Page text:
Director of National Intelligence John Ratcliffe announced that the US Space Force (USSF) is the ninth Department of Defense component to join the US Intelligence Community (IC).
The USSF is a military service tasked with missions and operations in the space domain, the first new one established in the last 70 years, after the establishment of the US Air Force in 1947, and the first new intel element to join the IC since 2006.
“Today, we took action to elevate space intelligence missions, tradecraft, and collaboration to ensure the success of the Space Force, the Intelligence Community, and ultimately our National Security,” Chief of Space Operations Gen. John W. Raymond said.
“This is a significant milestone, a clear statement that America is committed to a secure and accessible space domain.”
“This accession reaffirms our commitment to securing outer space as a safe and free domain for America’s interests,” Ratcliffe added.
The 18th member of the IC
The Space Force will join forces with 17 other IC members to conduct intelligence activities with the end goal of supporting the foreign policy and defending the national security of the United States.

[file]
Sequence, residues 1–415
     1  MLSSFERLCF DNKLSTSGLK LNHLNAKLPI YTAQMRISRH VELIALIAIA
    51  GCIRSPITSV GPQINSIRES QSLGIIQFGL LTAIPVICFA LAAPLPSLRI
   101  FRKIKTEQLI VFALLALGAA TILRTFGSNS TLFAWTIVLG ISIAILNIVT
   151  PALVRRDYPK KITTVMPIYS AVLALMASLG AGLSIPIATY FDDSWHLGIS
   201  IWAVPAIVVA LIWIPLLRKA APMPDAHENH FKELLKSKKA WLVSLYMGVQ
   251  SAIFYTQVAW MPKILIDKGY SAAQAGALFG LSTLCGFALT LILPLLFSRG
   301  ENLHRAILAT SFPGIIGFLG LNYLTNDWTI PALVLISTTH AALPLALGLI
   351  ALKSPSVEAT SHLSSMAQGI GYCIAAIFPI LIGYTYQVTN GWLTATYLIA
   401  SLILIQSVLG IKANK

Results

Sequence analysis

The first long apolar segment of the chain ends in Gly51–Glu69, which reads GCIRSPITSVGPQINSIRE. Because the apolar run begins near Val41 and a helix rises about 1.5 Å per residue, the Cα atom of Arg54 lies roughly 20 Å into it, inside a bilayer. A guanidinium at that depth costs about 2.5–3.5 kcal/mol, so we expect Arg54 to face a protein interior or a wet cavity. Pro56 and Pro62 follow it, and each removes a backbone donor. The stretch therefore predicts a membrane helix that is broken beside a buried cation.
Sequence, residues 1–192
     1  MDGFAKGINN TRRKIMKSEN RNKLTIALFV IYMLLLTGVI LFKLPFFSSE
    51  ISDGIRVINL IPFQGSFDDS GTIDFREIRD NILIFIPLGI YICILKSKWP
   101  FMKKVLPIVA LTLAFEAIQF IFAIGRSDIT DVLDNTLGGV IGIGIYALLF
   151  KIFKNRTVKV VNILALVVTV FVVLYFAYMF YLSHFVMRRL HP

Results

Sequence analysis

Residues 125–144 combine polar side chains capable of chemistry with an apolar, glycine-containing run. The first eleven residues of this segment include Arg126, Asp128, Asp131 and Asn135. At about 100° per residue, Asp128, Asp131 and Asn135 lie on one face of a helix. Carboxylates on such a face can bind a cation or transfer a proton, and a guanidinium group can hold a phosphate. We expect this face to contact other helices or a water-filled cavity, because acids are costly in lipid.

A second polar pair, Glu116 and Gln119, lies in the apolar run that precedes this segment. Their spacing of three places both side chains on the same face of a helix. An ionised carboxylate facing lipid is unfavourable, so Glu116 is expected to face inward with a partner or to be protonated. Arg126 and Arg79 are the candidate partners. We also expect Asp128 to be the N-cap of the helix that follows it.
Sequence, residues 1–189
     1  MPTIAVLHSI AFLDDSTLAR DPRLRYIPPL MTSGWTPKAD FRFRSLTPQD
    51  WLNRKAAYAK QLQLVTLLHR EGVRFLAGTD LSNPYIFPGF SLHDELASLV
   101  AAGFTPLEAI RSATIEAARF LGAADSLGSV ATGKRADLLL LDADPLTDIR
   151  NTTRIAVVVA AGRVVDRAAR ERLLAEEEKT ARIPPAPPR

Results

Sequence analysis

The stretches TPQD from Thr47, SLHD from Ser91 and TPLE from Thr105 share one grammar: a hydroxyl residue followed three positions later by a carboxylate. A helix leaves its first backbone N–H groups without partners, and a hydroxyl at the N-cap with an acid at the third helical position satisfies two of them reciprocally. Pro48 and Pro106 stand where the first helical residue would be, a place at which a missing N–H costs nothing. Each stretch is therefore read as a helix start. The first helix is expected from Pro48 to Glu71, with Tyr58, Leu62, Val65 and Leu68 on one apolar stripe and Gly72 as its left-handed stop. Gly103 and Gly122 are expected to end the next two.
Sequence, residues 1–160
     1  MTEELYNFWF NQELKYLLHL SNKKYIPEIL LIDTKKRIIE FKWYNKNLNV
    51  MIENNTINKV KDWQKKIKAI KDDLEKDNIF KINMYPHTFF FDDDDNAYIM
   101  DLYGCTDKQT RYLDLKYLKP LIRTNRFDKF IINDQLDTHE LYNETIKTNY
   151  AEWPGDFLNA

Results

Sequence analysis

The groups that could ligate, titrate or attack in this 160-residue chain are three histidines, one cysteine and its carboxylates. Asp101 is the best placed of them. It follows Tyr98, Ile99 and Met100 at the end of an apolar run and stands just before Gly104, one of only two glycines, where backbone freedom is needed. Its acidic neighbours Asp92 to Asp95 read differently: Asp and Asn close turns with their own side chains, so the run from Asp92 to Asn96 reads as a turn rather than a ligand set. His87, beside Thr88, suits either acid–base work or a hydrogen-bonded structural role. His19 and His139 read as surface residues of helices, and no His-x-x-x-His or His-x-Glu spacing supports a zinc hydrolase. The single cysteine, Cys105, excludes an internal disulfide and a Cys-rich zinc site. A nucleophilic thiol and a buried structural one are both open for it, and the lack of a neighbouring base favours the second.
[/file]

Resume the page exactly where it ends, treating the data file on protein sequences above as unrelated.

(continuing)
The eight other Department of Defense elements part of the US Intel Community are the Defense Intelligence Agency (DIA), the National Security Agency (NSA), the National Geospatial-Intelligence Agency (NGA), the National Reconnaissance Office (NRO), and intelligence elements of the Army, Navy, Marine Corps, and Air Force.
Other members of the IC are the FBI, CIA, NSA, and elements of the Department of Energy, the Department of Homeland Security, the Department of State, and the Department of the Treasury.
“Through sharing space-related information and intelligence, the IC and DoD increase integration and coordination of our intelligence activities to achieve best effect and value in executing our missions,” Ratcliffe said.
“This move not only underscores the importance of space as a priority intelligence and military operational domain for national security, but ensures interoperability, future capability development and operations, and true global awareness for strategic warning.”